A sex reassignment surgeon has unwittingly revealed the dangers of trans procedures, warning of poorly trained doctors leaving patients with dead appendages and other “feared complications”.
Dr. Alex Laungani, a physician at the Metropolitan Surgery Center of Canada, made damaging revelations about the “pretty bad” effects of sex reassignment operations while addressing colleagues.
The event, sponsored by the World Professional Association for Transgender Health (WPATH), was recorded and images were made public through a records request by the Daily Caller News Foundation.
Dr. Laungani joins a growing list of trans experts who, when speaking with like-minded professionals in clinical settings, are more candid about the downsides of trans care than is typically made public.
Dr. Alex Laungani is a surgeon at the Metropolitan Surgery Center in Montreal, Canada.
Her presentation, obtained by the Daily Caller News Foundation, included this slide about the post-op horrors of sex reassignment.
Dr. Laungani, his Montreal-based clinic and WPATH did not respond to our requests for comment.
Proponents of trans medicine say it saves lives among a suicide-prone group. Procedures to remove breasts and alter genitals help trans people live authentically, they say.
But critics warn of a cult-like trend, in which more and more trans people are “coming out” and undergoing risky procedures, while WPATH and other medical groups are hijacked by ideologues pushing reckless standards of care.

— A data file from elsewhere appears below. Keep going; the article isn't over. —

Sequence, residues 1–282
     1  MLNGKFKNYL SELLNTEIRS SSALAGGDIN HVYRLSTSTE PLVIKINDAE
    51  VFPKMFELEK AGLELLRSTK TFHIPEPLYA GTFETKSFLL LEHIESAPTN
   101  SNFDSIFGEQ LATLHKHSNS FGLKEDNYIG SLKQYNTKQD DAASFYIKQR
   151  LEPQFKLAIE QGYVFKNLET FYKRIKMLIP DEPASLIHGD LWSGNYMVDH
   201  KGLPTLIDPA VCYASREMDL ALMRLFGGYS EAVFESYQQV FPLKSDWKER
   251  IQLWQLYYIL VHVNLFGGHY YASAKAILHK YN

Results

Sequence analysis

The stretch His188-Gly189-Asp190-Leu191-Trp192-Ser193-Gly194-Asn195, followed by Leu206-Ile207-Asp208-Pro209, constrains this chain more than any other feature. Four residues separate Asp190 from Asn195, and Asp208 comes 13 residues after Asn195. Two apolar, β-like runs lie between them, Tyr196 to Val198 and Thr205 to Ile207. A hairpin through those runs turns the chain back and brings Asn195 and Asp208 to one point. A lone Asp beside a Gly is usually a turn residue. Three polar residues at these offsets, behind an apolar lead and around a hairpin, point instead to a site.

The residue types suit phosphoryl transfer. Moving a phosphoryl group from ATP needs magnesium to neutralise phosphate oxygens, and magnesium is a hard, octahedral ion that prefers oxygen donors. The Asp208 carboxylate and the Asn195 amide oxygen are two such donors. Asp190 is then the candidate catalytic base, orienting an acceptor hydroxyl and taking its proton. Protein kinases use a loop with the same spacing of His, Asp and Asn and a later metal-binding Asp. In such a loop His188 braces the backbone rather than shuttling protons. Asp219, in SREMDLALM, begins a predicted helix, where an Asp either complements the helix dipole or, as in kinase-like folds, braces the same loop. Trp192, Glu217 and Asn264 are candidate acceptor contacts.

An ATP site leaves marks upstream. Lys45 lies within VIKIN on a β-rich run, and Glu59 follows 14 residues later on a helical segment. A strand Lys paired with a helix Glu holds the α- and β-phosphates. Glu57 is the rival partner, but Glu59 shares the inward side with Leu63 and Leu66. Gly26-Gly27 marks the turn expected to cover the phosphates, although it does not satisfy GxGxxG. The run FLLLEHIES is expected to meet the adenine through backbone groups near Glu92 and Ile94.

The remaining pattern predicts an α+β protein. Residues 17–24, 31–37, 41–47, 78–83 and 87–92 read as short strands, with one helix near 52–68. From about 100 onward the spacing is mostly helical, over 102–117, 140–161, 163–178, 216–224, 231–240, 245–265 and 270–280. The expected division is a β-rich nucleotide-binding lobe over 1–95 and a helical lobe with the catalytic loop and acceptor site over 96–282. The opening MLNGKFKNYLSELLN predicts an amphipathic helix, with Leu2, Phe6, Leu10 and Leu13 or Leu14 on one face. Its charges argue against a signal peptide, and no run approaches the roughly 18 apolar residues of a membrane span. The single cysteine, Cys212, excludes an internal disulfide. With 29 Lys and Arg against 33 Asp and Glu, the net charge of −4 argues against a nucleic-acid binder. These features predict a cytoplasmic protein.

In the video, Dr Laungani warns of an explosion of more and more clinics serving increasing numbers of trans patients, where there is often “a lack of training and inadequate training”.
This massive rollout gave trans patients “access to surgery,” but at the cost of quality care, he said.
“It’s time to make sure we have the right training,” he said, calling for more scholarships.
Some doctors performed trans operations so infrequently that they were not “competent,” he warned.
Creating a neovagina is fraught with postoperative complications
They could mess up procedures and leave patients with “complications,” he added.
Dr Laungani said the results of delicate male-to-female genital surgeries, known as vaginoplasties, “can be quite bad”.
“The most feared complication is perforating the rectum while dissecting the vaginal cavity,” he added.
“You’re very close to the rectum and it’s very hard,” he said.
Reconstructing the area involves using meat from the “abdomen, scrotum or colon,” Dr. Laungani said.
Using tissue from the intestines has the highest risk of “complications,” he said.
Patients have problems after surgery, he said. Surgical wounds are reopened in three quarters of cases.
Afterwards, many patients cannot reach orgasm, he said.
Many have to “dilate” their newly created vaginal canals with a vibrator-like device to prevent them from collapsing.
It’s “what patients call a full-time job for the first few months, because it’s four times a day,” he said.
Dr. Laungani studied at the University of Liège in Belgium and worked at the renowned Mayo Clinic in Rochester, Minnesota.
One slide from her presentation describes other postoperative horrors, including “rectovaginal fistula, pelvic floor dysfunction, and clitoral necrosis,” when the sexual organ weakens and dies.